The purpose of acupuncture is to induce the body to trigger a natural healing response in the body’s muscles, nerves, and connective tissues. The insertion of fine needles into specific points can enhance blood flow, relax tight muscles, decrease pain and improve the body’s natural healing response.
Acupuncture is a natural healing art that can be traced back 2,000 years. Ancient Chinese, Egyptian and Indian manuscripts record the insertion of needles into specific points on the body with the aim of relieving pain, treating disease and improving health. Modern acupuncture is considered a popular, effective and natural form of health care that is currently used in most countries around the world.
Understanding physiological health and acupuncture
An effective treatment programme starts with a holistic assessment in order to understand a person’s overall health and lifestyle.
The assessment includes a thorough examination which will lead to a diagnosis of any problems which may exist. We will then explain the nature of the diagnosis and discuss treatment options aimed at relieving pain and enhancing the patient’s overall physiological health.
Rehabilitation and healing
Stimulation of acupuncture points causes the nervous system to release chemicals such as endorphins in the brain, spinal cord, and muscles. These chemicals can significantly decrease pain and cause a person to relax. A relaxed state is a state of ease – and a tense state is one of ‘dis-ease’. Our bodies function and heal better when we are relaxed and stress-free.
Immune system and energy responses
The immune system can also be stimulated by acupuncture treatments. Tissue repair can also be enhanced, meaning sprains and strains can heal quicker. The improved energy and biochemical balance positively affect physical and emotional well-being. Physical healing and improvement are closely linked to psychological health.
Resolving pain, anxiety, and sleep imbalances
Acupuncture is also very helpful for headaches, neck pain and low back pain. The benefits can extend to treatments for nervousness and insomnia, and many patients can feel significant improvements when specific calming points are targeted.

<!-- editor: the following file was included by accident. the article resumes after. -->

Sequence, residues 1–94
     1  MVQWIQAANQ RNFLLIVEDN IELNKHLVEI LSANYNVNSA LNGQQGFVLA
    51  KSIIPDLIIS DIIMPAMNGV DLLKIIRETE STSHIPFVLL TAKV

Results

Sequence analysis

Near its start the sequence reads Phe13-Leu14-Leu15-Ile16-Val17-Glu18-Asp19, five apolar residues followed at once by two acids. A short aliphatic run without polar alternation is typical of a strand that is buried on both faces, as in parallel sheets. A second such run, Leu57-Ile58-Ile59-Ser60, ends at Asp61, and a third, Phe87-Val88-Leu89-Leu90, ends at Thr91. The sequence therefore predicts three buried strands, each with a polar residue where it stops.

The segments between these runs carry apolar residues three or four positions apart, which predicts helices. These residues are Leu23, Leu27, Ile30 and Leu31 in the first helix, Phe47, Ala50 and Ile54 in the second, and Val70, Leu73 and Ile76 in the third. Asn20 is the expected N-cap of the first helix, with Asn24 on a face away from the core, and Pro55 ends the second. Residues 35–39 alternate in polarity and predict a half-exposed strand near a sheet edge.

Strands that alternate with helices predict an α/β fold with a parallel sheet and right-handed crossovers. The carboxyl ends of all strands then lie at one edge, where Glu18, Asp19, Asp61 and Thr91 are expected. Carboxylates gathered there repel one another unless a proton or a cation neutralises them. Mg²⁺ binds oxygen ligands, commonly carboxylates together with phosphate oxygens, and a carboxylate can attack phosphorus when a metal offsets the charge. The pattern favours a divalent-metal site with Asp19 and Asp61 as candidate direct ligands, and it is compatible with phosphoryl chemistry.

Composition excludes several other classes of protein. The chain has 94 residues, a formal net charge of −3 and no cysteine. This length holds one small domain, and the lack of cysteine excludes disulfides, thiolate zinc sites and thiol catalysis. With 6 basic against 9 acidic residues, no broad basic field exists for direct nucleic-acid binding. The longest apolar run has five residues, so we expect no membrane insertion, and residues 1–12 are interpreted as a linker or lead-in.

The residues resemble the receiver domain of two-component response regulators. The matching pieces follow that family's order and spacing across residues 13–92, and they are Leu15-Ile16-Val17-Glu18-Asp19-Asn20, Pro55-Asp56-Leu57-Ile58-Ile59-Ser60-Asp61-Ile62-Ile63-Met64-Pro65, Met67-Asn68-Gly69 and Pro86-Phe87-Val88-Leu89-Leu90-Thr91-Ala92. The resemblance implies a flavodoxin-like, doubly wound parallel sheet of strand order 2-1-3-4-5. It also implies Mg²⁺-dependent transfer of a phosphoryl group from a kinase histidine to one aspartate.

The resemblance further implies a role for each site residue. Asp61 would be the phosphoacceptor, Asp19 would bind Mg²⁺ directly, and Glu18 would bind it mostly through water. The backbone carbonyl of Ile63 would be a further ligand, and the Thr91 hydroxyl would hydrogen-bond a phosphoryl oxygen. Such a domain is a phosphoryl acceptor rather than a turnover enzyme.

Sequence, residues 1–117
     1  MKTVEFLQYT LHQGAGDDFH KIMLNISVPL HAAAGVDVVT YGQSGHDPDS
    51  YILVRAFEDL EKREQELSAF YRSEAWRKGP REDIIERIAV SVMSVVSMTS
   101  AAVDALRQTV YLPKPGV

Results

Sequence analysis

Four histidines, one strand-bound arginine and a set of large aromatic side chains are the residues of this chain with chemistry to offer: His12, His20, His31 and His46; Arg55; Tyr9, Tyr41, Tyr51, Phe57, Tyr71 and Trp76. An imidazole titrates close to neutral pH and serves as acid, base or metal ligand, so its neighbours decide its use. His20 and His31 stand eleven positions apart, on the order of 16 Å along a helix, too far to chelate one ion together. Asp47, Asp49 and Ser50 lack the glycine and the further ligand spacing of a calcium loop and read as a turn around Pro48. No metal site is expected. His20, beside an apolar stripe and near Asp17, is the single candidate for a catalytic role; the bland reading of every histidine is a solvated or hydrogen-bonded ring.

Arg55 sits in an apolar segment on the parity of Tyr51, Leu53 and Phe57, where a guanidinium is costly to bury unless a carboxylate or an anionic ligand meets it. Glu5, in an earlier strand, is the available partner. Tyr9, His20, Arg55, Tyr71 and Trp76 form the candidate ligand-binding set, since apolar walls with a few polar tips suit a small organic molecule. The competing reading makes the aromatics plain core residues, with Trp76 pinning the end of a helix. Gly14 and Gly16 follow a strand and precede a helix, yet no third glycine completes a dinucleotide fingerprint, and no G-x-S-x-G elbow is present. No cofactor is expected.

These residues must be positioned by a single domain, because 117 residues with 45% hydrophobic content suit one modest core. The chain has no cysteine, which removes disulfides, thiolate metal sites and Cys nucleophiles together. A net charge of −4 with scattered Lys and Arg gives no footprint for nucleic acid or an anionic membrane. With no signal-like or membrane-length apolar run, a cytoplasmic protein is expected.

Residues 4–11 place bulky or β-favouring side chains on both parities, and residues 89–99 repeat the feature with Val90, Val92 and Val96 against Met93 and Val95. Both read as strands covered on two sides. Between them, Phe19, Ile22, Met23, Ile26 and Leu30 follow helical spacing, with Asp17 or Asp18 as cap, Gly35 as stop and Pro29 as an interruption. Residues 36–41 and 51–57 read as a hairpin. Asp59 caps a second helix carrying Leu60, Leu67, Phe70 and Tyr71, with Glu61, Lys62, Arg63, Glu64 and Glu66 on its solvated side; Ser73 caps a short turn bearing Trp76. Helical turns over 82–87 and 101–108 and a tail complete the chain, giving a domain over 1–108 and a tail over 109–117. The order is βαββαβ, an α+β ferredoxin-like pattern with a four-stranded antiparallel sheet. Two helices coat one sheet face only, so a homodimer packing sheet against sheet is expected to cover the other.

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Upper Back Pain
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The effects of dry needling
Dry needling is a term used by western medicine that defines anatomical acupuncture. In truth, the actual technique of insertion of needles into painful trigger points (Ah Shi points) is the same as traditional acupuncture. But dry needling practitioners do not subscribe to Chinese acupuncture theory such as meridians, Qi flow, 5 element theory, Ko cycle, etc. They do, however, embrace the fact that an acupuncture needle – accurately placed into a trigger point – can have a powerful pain-relieving effect. And that is the main focus of a dry needling practitioner.
Dry needling involves the insertion of a very fine acupuncture needle into a muscular trigger point to deactivate it and decrease muscular tension and pain. It also increases healing in the area and speeds up recovery. Our chiropractors, podiatrists and occupational therapists often use dry needling in combination with soft tissue therapy and manipulation.
For those out there that are afraid of needles, it is important to say that most people get up and say that they didn’t feel any pain at all. The needles are very fine and when inserted we look for a slight twitch response and mild ache – followed by total relaxation. Speak to one of our chiropractors to understand how dry needling fits into an overall pain management and recovery plan. If a ‘needle phobia’ is overwhelming, we can do pain-free cold laser acupuncture. We call it ‘Acupuncture without the puncture’!
How to recognise conditions and symptoms
Acupuncture offers many patients an alternative to pharmacological treatments. Many patients are found to be highly satisfied with acupuncture therapy when being treated for:
- Neck and back pain
- Tension headaches and migraines
- Shoulder pain
- Tennis and golfer’s elbow
- Hip and knee pain
- Plantar fasciitis
- Sports injuries – muscle strain, torn ligaments (sprains)
For many patients, acupuncture has been reported to have a high observed efficacy for acute pain or short-term discomfort caused by:
- Dental procedures
- Labour and delivery
- Menstrual cramping
- Nausea following surgery or induced by chemotherapy
- Sleep disturbances, stress and anxiety
Acupuncture as part of the treatment process
At Burswood Health, most of our practitioners focus on dry needling based on Western anatomical acupuncture and the stimulation of physiological trigger points. In contrast, traditional Chinese acupuncture works on the body’s Meridians, or Chi. Dr Paul Staerker (chiropractor) has had a major interest in traditional acupuncture for the past 40 years.
When exploring different therapies, patients can come across many different sources of information. And, sometimes it may get a little confusing, trying to keep a clear head and maintain a good overview.
By getting an assessment with a trained clinician, a person is able to make a well-informed choice in regards to the appropriate treatment. After a clear diagnosis is established, the clinician can discuss the starting point, types of therapies, and duration of time needed for achieving a full recovery and better health.
Call us, 08 9361 26 28. Book with our experienced practitioners to see how we can help you.
Practitioners who can help you with this issue
Dr Kirsty Sterle
Chiropractor, B Sc (Chiro), B Chiro Go to Dr Kirsty's profile
Dr Angus Chow
Chiropractor, B Sc (Chiro), B Chiro Go to Dr Angus' profile